What’s the alternative? Listen again to Capon: “Every time [man] diagrams something, instead of looking at it, every time he regards not what a thing is but what it can be made to mean to him—every time he substitutes a conceit for a fact—he gets grease all over the kitchen of the world. Reality slips away from him; and he is left with the oldest monstrosity in the world: an idol. Things must be met for themselves. To take them for their meaning is to convert them into gods—to make them too important, and therefore to make them unimportant altogether. Idolatry has two faults. It is not only a slur on the true God; it is also an insult to true things.” Idolatry is the imposition of meaning; what a thing can be made to mean to me. This is the tragic legacy of Modernity and Postmodernity. Meaning is not something given, it is something made by us. Meaning comes from human nature, not from God. It is therefore imposed, not received. Nietzsche was willing to take this to its logical conclusion: Because there is no God, meaning and goodness as objective realities does not exist. Only the imposed desires of the individual.
The Biblical view of creation maintains that things are precious before they are contributory, they have meaning before they are useful to us. They are useful to us precisely because God makes them meaningful. Modernity says that things are precious if they are contributory and I’m the one who decides how and when and if they contribute at all. The price of this supposed “freedom”, of untethering the world from the One Who made it and from His purposes for it, is the loss of the capacity for joy. Joy isn’t a simple feeling like happiness, joy has reasons. It is a response to God’s goodness in creation, to the way things really are. The Biblical view of creation affirms that there is meaning to the world long before I show up to appreciate it. In Genesis, man was created on day six, not day one.
This is why affirmation is the heart of biblical culture. The word culture comes from Latin and it means cultivation of the earth, literally cultivation of soil. That’s what culture is, it’s cultivating the earth that God has given. It’s receiving and developing the world He made and it’s glad submission to the meaning he gave it. It points back to God’s original commission to Adam to cultivate and guard the garden. The tasks of cultivating and protecting both assume the value and meaning of what God gave Adam. It’s all predicated on the fact that God made a world full of meaning, and Adam’s job was to search it out, to learn about it, to understand it, to protect it, to give his life for it, so that it could flourish and grow into greater glory. That’s where culture making begins: by studying and serving and guarding what God has given. And it’s only men and women who have learned to love and delight in the world as it is given by God and not for what it can be made to mean to them who will have the courage to stand and to protect what they love when evil men try to take it away. Christians who love things for what they are, for what God made them to be, will be potent in the defense of those things. And that is why Chesterton said the true soldier fights, not because he hates what is in front of him, but because he loves what is behind him.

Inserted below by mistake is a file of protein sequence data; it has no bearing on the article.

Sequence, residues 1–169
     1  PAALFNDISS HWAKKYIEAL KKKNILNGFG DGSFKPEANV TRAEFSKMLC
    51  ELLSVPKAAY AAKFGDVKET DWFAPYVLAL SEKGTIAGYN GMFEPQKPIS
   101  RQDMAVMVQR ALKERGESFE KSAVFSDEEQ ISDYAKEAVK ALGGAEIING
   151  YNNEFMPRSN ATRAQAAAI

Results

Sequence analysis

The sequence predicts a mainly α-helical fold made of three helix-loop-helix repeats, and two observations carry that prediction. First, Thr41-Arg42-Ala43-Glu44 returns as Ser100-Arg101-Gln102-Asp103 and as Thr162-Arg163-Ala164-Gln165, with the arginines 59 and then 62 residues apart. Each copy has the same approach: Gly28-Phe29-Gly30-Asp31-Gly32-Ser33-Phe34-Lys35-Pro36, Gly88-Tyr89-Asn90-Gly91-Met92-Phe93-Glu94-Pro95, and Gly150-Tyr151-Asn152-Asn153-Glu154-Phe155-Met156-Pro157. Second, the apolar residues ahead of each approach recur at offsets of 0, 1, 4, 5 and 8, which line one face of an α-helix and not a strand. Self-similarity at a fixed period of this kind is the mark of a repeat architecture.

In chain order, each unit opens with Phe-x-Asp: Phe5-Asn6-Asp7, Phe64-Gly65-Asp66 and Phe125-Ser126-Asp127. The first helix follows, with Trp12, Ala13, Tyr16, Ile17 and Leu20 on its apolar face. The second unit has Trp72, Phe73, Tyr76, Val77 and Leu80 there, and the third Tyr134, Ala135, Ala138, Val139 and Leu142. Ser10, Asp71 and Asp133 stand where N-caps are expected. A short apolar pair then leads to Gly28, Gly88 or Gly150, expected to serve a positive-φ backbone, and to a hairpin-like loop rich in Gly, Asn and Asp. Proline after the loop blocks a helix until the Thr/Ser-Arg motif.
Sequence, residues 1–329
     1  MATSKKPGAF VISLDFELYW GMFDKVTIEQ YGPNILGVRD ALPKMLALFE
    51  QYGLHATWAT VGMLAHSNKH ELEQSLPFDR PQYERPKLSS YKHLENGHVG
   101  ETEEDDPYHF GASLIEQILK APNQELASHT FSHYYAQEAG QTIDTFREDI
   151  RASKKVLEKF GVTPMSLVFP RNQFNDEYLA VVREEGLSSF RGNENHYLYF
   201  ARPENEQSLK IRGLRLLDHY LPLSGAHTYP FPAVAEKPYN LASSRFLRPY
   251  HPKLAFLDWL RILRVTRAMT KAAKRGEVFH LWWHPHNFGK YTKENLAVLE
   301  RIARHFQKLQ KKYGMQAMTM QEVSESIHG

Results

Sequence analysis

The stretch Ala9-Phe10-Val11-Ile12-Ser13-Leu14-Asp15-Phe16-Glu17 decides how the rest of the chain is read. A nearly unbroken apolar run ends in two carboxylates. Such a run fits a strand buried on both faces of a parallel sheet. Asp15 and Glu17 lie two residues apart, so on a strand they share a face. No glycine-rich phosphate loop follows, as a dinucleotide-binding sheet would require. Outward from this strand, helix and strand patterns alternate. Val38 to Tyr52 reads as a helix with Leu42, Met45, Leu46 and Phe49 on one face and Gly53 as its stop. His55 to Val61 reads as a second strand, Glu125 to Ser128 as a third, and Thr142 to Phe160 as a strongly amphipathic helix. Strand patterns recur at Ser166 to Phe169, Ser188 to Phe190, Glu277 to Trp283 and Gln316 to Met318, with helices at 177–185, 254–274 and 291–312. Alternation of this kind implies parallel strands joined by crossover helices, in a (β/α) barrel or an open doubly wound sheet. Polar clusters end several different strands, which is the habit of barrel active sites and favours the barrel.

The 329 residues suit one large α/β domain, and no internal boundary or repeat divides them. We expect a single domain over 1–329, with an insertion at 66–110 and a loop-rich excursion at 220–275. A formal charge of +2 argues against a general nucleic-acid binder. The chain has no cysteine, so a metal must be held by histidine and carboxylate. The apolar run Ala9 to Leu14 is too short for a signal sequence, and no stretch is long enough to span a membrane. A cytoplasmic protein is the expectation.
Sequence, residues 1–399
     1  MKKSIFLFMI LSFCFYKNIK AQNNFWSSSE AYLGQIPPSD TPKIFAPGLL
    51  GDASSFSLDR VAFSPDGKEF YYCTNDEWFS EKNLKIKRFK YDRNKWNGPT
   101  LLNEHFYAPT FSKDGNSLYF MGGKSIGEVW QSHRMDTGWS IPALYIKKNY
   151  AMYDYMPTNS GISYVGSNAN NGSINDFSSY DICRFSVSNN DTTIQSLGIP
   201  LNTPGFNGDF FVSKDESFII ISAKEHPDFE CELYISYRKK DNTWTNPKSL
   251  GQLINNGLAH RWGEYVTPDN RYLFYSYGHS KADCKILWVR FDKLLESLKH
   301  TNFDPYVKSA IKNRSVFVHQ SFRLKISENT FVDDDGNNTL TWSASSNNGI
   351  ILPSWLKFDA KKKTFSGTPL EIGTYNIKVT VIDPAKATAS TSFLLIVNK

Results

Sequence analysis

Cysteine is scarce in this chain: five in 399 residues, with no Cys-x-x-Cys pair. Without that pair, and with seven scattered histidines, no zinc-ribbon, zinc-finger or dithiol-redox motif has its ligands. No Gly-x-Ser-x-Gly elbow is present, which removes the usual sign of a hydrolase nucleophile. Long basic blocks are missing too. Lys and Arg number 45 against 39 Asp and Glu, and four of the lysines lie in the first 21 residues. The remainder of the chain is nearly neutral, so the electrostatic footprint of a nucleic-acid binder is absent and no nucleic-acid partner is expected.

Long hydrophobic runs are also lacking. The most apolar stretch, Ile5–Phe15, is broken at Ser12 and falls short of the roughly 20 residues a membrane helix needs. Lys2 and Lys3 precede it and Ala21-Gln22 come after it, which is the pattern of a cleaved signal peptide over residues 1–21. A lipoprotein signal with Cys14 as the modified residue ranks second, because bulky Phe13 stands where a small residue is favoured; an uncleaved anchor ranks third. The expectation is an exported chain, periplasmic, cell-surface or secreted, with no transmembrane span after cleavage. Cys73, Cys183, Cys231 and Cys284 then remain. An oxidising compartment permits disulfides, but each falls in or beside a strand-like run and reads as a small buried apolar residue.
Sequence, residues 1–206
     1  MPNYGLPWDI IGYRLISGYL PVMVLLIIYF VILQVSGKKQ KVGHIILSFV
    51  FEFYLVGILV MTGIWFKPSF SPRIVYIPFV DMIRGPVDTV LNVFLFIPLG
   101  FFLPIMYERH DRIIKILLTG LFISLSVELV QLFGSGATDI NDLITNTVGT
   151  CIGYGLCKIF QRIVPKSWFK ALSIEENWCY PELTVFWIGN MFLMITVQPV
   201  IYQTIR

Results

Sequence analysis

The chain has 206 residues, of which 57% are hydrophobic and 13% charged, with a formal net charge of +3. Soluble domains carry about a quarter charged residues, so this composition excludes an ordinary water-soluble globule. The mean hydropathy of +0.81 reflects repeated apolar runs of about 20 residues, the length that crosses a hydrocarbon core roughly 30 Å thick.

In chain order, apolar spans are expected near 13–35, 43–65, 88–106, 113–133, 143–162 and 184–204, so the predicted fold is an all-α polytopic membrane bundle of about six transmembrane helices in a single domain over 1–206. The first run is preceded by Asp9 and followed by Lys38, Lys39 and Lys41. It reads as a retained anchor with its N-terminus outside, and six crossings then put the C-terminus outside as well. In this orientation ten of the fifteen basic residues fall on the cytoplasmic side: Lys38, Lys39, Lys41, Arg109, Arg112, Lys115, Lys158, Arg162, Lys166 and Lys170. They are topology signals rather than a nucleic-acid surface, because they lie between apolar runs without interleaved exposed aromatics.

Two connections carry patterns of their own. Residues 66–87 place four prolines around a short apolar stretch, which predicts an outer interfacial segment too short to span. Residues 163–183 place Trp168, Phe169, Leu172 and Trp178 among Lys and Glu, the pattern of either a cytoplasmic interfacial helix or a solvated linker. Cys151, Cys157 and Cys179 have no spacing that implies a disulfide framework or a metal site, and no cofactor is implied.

Following Father Capon, if we love onions, if we love onions truly for what they are, we will also love children, we will love marriages, we will love being a man or being a woman, we will love creativity, and we will love the study of the world. The deeper we go into creation with grateful hearts, the more we see of God’s glory. Next to Him, creation is our dearest friend. Loving it well creates real gusto and zeal in the hearts of God’s people to create cultures that are rich and vibrant and full of life. Therefore, to be truly potent, Christian cultural leadership must be rooted in the love of what is good. Instilling this kind of love and the freedom it entails is the purpose of all true and faithful education.
Original Lecture by Joshua Apple delivered at New Saint Andrews College as part of an Alumni Lecture Series